After we retired Season’s Beatings, I took some time away from gaming to learn about the professional special-events world in Cleveland. I then started GDL Entertainment, Ltd. (“Games Done Legit”) with the goal of running gaming entertainment as a full-time career — not just weekly events, but also custom-made contests & lineups for corporate parties, birthdays, bar mitzvahs and school events.
[caption id="attachment_847" align="alignnone" width="1024"]Season’s Beatings: Ascension in 2012 was our first event in a grand ballroom. While successful again, we’d started to feel the fighting-game community was at a stagnation point[/caption]
And our idea that gaming really does bring everyone together has been validated so far! Our first GDL bar mitzvah was a huge smash, we’ve given students tournaments at multiple school functions, and our weekly gaming nights have been doing strong since spring 2014. We’ve got more of both coming, too, and we’ve even been able to show corporate teams how using videogaming is the most interactive way to entertain and learn.I knew that above all else, the social benefits of gaming are what would make or break this venture, and we felt that now’s the time to bring this spirit to tournaments and expos.And what I learned from being apart of both Season’s Beatings (hosting the world’s best competition) and Console Combat (gaming as a community, like having our own secret club) brings us to what I hope is a new kind of videogaming event.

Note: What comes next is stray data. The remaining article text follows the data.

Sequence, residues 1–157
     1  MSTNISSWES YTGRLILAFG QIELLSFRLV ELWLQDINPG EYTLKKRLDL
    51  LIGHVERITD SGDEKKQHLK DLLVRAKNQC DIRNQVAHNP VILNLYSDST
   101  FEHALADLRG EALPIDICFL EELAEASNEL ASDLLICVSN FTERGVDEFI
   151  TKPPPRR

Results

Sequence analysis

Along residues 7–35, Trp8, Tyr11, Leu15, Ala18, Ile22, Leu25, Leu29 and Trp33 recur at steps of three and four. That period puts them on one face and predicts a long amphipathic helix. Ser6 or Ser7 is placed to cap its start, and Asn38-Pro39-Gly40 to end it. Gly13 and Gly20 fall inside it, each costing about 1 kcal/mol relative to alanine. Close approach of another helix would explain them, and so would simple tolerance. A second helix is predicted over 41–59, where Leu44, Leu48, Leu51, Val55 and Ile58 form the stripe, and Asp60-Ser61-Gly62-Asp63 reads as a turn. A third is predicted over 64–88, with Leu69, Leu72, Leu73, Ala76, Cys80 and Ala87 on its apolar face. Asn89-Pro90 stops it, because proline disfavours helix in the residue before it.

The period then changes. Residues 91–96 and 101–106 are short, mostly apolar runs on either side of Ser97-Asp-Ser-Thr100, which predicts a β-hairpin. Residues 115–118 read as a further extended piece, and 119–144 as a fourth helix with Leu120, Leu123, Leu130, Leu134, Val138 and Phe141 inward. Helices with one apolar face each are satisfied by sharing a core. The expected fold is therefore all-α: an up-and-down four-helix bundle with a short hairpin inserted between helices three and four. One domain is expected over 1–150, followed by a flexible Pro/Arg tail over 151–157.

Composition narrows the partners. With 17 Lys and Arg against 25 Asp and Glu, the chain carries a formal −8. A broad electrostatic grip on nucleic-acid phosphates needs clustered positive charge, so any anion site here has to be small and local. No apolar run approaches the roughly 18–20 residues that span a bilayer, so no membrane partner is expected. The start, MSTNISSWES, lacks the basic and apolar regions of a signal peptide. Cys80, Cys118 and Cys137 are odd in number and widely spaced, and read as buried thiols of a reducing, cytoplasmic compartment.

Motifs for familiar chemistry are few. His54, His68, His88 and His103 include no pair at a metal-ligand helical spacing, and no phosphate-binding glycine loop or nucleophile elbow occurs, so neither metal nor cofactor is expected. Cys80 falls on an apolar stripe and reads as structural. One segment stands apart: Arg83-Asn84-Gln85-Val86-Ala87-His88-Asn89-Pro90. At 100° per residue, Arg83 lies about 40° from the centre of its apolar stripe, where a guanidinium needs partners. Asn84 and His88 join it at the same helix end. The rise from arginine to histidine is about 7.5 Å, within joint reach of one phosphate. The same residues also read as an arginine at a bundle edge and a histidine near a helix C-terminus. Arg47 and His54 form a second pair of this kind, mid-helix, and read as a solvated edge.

[caption id="attachment_859" align="alignnone" width="1024"]The Lakeland Videogame Expo, Sept. 27, in Cleveland will be a merging of different videogame-event philosophies & activities. We aim to please![/caption]
Part 2 will be how GDL Entertainment truly aims to live up to the name “Games Done Legit”.What would you do to make videogame events more fun? More interactive? More inclusive? We’d love to know the most exciting videogame tournanament or videogame party you’ve attended, as well! Connect with us on Facebook/Instagram/Twitter (@GamesDoneLegit), we want your thoughts to make our new destination events the best they can be to earn your time, your dollars, and your trust. #UnitedWePlay]]>